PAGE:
Leprosy and a Life in South India

Leprosy and a Life in South India : Journeys with a Tamil Brahmin

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Drawing on ethnographic fieldwork as well as many hours of interviews, Leprosy and a Life in South India: Journeys with a Tamil Brahmin documents the life story of Das, a South Indian Brahmin born in the newly postcolonial India of the early 1950s. After being diagnosed with leprosy, Das spent over a decade on the streets of Bombay and Madras learning to survive as an unofficial station porter, bellhop, and sometimes tourist guide. Das's story unfolds against a backdrop of everyday violence and hardship in South India. Re-investigated through the prism of an individual life, what are often presented as the rigid social categories of caste, religion, and kinship are revealed in fresh new ways. Through this life history account, James Staples offers a unique take on what it is to be an Indian in postcolonial India.show more

Product details

  • Hardback | 204 pages
  • 152 x 230 x 14mm | 439.99g
  • Lexington Books
  • Lanham, MD, United States
  • English
  • 1 Maps
  • 0739187341
  • 9780739187340

Review quote

James Staples's book takes us through a most exciting narrative journey...[The book] dislodges any reductionist primacy ascribed to religion, caste, intimacy, or disease. Journal Of The Royal Anthropological Institute Staples's methodology ... provides an interesting framework for organizing the individual anecdotes within the broader story of Das's lived experience...Leprosy and a Life in South India is a recommended read for those interested in the life history genre, the ways in which cultural constructions of disease play out in real lives and depictions of the human condition in South Asia. American Ethnologist Leprosy and a Life (not leprosy and life) is a thrilling book, written almost like a novel, in the first person with a hero and several other characters and a number of plots and subplots. The book differs from a novel, or for that matter from any literary work, because Staples makes no attempt to create an illusory or a magical effect through fictions in the mind of the reader... These thickly described chapters form the core of the book, which is the painstaking result of anthropological fieldwork by the author over three decades in India. The method adopted by the author toward the construction of his self-reflective ethnography is life history, which in recent years has emerged as a potentially rich technique with immense future possibilities... Putting a research assistant in the foreground of a multisited ethnographic narrative and using his lens to view postcolonial India are definitely novel. Staples has opened new windows not only for anthropology but also for social science research in South Asia in general, wherein big themes like globalization, marginality, and the subaltern consciousness still predominate... I believe that this book will help bridge the proverbial gap between the self and the other, the observer and the observed, and the objective and the subjective in ethnographic representations of the changing nature of caste in India. American Anthropologist Leprosy and a Life in South India is a vividly told and skillfully presented anthropological life history, bringing poignant texture to the lived experience of disease, caste, poverty, migration, conversion, and more in contemporary South India. -- Kirin Narayan, Australian National University, author of "Alive in the Writing" This is a rich, thickly textured and deeply intimate meditation on the story of a remarkable man who seems to embody the triumphs and tragedies of life in the margins of modern India. The author has found that point of fine balance between deep empathy and critical understanding, just as Das himself seems to be able to articulate the story of his own life in terms that capture the inherent tension between intimacy and objective dispassion. Fundamentally, this is a beautifully written story about the precarity of human existence. -- Joseph S. Alter, University of Pittsburghshow more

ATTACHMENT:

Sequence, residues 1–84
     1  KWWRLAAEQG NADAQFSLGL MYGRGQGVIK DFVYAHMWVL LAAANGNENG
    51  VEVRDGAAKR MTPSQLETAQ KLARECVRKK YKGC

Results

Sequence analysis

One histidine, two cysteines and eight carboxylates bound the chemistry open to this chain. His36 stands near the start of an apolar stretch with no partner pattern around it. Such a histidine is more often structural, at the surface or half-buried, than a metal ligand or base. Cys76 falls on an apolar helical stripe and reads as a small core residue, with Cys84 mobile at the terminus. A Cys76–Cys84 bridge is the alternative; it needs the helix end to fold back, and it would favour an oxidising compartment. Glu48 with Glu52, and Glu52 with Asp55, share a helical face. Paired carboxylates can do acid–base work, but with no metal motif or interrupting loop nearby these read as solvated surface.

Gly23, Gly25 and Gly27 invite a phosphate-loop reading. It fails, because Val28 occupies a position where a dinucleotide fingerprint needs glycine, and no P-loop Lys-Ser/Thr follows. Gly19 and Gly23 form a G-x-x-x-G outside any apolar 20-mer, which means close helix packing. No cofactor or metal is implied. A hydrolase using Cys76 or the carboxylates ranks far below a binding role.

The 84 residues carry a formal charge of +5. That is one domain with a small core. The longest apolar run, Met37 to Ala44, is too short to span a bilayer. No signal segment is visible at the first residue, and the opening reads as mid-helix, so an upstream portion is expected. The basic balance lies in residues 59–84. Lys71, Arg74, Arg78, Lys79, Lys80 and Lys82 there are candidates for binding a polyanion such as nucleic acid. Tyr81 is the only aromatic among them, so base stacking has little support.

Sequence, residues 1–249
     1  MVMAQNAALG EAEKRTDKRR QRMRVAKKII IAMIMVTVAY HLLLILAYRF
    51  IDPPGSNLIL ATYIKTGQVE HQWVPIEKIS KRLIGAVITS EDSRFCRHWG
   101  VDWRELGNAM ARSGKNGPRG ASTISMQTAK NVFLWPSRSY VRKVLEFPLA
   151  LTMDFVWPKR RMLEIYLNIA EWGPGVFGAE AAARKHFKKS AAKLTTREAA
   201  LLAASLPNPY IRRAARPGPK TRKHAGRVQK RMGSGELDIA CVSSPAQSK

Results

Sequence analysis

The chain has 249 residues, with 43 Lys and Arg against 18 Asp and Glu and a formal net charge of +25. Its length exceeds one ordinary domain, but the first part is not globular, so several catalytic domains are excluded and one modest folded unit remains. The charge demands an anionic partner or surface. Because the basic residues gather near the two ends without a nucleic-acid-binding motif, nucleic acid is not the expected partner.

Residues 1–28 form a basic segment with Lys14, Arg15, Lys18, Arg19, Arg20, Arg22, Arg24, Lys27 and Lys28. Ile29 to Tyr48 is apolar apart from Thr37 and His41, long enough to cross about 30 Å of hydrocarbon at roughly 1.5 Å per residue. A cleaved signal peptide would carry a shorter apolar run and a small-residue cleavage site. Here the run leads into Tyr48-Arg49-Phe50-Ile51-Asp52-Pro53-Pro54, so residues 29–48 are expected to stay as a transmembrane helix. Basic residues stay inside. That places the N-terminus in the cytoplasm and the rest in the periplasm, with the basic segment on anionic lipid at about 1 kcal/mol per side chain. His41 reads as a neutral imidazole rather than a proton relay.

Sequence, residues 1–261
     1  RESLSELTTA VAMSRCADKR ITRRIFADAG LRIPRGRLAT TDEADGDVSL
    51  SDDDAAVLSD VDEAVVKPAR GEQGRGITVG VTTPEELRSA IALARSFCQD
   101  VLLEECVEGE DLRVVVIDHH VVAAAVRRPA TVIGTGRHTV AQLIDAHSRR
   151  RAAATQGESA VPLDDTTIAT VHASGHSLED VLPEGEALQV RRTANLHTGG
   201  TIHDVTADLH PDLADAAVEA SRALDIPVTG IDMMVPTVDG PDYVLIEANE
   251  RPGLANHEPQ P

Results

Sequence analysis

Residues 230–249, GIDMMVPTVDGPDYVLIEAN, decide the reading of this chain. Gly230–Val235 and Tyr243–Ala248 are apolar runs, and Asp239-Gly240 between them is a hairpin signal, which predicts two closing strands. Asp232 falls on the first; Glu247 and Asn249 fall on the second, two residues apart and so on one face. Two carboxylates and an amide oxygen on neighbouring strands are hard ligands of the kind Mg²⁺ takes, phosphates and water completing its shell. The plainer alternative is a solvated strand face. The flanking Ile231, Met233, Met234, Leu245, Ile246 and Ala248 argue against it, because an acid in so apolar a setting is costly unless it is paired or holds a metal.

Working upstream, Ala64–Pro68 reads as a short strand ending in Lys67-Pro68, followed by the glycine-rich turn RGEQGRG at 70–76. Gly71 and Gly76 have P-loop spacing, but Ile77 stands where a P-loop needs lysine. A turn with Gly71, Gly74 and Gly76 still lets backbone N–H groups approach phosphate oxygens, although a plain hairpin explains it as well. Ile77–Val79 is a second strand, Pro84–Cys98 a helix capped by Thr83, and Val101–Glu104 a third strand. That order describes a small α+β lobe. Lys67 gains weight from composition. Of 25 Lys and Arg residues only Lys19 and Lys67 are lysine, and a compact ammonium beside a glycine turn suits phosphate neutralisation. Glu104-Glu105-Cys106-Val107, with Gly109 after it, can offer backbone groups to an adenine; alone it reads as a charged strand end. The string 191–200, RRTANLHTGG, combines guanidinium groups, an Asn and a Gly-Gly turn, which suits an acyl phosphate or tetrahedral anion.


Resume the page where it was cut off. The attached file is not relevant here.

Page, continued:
About James Staples

James Staples is senior lecturer in anthropology at Brunel University, London.show more

Table of contents

Acknowledgments Prologue Chapter One: Beginnings Chapter Two: To the City Chapter Three: Bombay Chapter Four: Reunions Chapter Five: Anandapuram Chapter Six: Good Times Chapter Seven: The Rise Chapter Eight: The Fall Chapter Nine: Moving On Chapter Ten: The Wheel Keeps Turning Bibliographyshow more

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